FRANKFORT, Ky.—Legislation governing telehealth and online eye tests in Kentucky that had been debated by proponents and opponents of the tests has been signed into law by Governor Matt Bevin, and both sides are claiming victory. The new law, House Bill 191, known as the Consumer Protection in Eye Care Act, was passed both the Kentucky House and Senate with widespread, bipartisan support. It allows for online eye tests, but requires patients to be at least 18 to use technology. It also requires all diagnostic information and data to be reviewed by a Kentucky licensed optometrist, osteopath, or physician.

Additionally, patients cannot use an online exam for their initial contact lens prescription, or the first renewal of their contact lens prescription, and must be seen for a complete in-person eye examination at least every 24 months to be eligible to use the technology.

“House Bill 191, or the Consumer Protection in Eye Care Act, creates reasonable consumer protection standards for Kentucky consumers,” said Ben Gaddie, OD, past president and current legislative liaison for the Kentucky Optometric Association, told VMAIL. “The legislation addresses online technologies for eyecare, such as those web applications which provide prescriptions for contact lenses or glasses. These technologies may still be utilized in Kentucky, but the legislation establishes safeguards for its appropriate use.

“Some of these safeguards include a minimum age of 18 to use the technology, a prior in-person eye examination within the previous 24 months, the same standard of care is applied as when conducted in an in-person visit, and the technology cannot be utilized for an initial contact lens prescription. Kentucky consumers still have the freedom to choose where they purchase contacts or glasses, but will now also have the same consumer protections as if they were seen for an in-person exam. These safeguards ensure that patients will still get the appropriate level of needed care from their local eye doctor, which also still providing accessibility to appropriate telehealth services,” Gadie said.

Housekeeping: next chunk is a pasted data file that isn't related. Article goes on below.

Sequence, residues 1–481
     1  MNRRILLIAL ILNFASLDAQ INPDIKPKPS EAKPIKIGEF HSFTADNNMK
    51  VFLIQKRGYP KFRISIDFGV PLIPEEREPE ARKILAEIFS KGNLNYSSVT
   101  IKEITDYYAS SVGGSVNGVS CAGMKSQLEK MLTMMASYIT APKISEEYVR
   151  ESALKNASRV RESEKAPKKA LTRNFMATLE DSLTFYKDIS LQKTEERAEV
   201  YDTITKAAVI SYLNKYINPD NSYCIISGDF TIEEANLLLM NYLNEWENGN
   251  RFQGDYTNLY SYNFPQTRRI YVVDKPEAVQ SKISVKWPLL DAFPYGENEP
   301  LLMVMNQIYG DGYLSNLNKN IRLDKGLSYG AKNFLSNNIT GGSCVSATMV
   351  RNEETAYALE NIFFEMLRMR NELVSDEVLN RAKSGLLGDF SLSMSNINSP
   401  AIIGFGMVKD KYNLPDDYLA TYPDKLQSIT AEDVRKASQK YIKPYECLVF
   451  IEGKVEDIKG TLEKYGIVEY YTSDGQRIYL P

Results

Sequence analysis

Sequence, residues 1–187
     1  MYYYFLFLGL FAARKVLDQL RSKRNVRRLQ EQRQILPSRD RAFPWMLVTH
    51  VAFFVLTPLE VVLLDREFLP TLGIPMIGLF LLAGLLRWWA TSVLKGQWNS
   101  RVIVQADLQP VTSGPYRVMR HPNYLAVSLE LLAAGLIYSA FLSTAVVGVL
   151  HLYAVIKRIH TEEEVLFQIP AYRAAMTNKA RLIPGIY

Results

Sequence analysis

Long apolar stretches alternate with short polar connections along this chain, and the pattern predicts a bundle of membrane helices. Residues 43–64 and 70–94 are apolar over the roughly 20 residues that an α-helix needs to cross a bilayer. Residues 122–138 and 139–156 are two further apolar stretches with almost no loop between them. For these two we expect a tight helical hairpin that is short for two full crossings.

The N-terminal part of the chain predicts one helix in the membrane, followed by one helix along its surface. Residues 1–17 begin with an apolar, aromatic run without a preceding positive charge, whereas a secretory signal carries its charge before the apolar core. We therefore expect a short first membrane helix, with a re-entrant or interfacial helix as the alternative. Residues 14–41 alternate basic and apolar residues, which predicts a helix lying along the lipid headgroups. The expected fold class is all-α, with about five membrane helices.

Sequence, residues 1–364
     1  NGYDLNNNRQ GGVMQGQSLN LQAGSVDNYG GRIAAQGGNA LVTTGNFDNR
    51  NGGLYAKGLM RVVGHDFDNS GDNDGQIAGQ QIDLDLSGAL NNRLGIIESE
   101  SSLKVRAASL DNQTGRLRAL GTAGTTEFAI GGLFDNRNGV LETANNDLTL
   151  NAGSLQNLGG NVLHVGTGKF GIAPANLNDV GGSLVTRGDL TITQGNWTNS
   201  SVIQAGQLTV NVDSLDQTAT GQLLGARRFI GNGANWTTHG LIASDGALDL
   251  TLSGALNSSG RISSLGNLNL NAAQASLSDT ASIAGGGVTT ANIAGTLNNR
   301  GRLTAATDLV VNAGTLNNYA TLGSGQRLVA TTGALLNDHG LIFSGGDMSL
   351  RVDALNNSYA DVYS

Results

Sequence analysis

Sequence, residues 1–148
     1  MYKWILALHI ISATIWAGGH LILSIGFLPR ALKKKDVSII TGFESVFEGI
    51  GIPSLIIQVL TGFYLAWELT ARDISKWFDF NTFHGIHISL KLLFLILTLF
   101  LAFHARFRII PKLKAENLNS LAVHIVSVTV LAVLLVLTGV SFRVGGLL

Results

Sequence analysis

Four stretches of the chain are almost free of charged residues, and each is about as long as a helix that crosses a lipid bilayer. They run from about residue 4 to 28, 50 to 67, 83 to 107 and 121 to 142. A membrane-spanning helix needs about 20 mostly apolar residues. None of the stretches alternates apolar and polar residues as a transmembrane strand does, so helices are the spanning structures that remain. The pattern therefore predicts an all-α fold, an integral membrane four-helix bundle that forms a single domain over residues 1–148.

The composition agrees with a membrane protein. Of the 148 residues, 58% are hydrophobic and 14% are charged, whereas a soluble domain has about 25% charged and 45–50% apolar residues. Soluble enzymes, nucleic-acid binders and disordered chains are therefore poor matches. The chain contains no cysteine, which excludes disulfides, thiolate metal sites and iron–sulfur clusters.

The American Optometric Association also praised the new law. “This is a turning point victory for higher standards, greater accountability and improved outcomes in health care,” an AOA spokesperson told VMAIL. “Governor Bevin and legislators from across the commonwealth have acted decisively to put health quality, safety and access to proven new technologies first while keeping the doctor-patient relationship at the center of health care decision-making. American Optometric Association doctors applaud Kentucky's bold leadership and its powerful message to unscrupulous companies that undermine patient health to keep out of the Bluegrass State.”

An earlier draft of the bill which was backed by the Kentucky Optometric Association required patients to interact with an eye doctor in real time, as VMAIL previously reported. That stipulation would be have blocked companies such as Opternative or 1-800 Contacts from offering online eye tests in Kentucky. However, the final version of the bill, which was amended after Opternative voiced concerns, allows for either “synchronous or asynchronous interaction” between doctor and patient.

“This was a huge victory for us. HB 191 was an attempt by the Kentucky Optometry Association to shut down Opternative. We are grateful that the Kentucky Senate added our amendment to allow for our platform to continue operating in Kentucky,” said Pete Horkan, a spokesman for Opternative.